With surging demand for home care workers, unions are sensing an opportunity to get involved by helping workers in the industry to organize—upping their own membership in the process.
But there’s not a clear path to unionizing the sector, writes the Wall Street Journal, as some question whether home health aides qualify to join a union, especially as many are caring for family members and could even be considered self-employed.
As a result, some legislative battles have taken place in a few states either allowing or barring these workers from organizing.
By 2020, the Department of Labor projects the number of home health workers to reach 3.2 million, up almost 70% from 2010’s 1.9 million. The median hourly wage for these workers was $9.70 in 2010, and many lack health care coverage.
“A large percentage of these workers are hired directly by people with disabilities or their families, rather than wing employed by private agencies,” says the WSJ article. In Michigan, for example, a state-commissioned 2011 study revealed that 75% of home care workers there began providing those services to help a family member or friend.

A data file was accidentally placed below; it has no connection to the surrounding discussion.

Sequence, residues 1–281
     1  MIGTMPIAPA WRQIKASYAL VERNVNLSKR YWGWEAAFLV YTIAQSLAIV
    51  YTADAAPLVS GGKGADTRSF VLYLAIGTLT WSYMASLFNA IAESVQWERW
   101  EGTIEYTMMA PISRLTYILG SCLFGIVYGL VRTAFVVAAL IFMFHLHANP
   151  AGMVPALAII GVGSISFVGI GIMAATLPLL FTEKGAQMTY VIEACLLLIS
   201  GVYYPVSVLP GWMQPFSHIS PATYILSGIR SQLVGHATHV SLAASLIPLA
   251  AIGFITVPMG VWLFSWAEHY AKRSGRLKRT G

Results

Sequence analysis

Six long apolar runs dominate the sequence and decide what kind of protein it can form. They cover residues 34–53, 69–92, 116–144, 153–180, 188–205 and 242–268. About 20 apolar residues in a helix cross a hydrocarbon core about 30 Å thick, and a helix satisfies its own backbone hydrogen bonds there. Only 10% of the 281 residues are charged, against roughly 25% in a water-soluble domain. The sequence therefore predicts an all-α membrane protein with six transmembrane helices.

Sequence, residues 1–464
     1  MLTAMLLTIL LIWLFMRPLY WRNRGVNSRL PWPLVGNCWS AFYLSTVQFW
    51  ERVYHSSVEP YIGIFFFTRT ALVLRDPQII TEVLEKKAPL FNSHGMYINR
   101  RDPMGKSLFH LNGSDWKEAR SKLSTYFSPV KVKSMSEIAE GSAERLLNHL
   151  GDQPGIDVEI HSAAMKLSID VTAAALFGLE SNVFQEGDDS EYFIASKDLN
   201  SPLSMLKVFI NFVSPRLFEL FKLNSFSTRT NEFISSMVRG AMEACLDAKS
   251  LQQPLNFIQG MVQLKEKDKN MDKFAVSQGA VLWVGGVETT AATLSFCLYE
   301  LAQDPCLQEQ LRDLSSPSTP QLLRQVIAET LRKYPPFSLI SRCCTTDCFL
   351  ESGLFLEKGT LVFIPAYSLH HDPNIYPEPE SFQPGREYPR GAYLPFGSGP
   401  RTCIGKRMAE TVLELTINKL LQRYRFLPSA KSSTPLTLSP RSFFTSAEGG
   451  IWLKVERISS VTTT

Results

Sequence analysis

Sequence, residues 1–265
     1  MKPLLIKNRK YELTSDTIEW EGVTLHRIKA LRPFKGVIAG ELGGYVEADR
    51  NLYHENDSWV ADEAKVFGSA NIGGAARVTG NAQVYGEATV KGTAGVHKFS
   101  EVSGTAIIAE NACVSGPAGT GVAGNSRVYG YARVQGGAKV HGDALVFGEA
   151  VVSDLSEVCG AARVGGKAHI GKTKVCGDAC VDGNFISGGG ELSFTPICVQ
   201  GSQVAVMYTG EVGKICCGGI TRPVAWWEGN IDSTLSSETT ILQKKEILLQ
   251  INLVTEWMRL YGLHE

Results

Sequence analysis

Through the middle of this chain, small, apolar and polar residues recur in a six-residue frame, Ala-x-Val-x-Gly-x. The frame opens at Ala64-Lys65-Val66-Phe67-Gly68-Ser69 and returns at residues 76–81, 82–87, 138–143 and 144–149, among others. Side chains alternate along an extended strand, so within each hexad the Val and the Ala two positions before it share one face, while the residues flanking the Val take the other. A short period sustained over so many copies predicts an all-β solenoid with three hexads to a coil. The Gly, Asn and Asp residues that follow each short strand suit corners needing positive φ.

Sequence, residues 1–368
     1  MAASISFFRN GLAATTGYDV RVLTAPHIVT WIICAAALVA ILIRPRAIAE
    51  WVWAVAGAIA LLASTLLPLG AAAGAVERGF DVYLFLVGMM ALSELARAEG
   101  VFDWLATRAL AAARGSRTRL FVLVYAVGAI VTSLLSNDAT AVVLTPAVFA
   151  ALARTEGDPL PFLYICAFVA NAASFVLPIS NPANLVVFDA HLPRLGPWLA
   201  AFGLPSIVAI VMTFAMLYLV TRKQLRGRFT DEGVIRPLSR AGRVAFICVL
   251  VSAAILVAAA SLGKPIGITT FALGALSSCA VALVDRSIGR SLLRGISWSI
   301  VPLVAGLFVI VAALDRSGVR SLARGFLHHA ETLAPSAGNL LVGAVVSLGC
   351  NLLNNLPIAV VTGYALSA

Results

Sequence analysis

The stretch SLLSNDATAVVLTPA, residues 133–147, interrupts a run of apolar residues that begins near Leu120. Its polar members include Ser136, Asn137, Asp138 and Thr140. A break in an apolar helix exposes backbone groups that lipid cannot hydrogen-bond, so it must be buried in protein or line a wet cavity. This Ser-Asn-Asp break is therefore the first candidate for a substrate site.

On the one hand, unions and many Democratic lawmakers believe workers receiving public funds—such as Medicaid or Medicare reimbursement—for their labor are technically state employees and have the ability to organize, says the WSJ. But many Republican lawmakers counter with the argument that personal care aides are independent contractors and ineligible for union membership.
In May, Minnesota Democrats passed a bill giving the state’s 15,000 home health care workers along with 7,000 home child care providers the right to organize, while a similar measure in Vermont was recently signed by the state’s Democratic governor permitting the state’s 7,000 home health aides to unionize, reports the WSJ.
Meanwhile, Republicans in other estates have blocked or overturned efforts to allow home health workers to organize, the article continues, citing Wisconsin and Ohio.
Union membership has been declining for years, the home health industry presents a large pool of potential new members. Already, about 25% of home care workers belong to unions across the country, according to Eileen Boris, a professor of history at the University of California at Santa Barbara. She says the unionization of home care workers is comparable to when factory workers unionized in the 1930s and ’40s.
“Home-care workers are the new face of labor,” Boris told the WSJ.
Written by Alyssa Gerace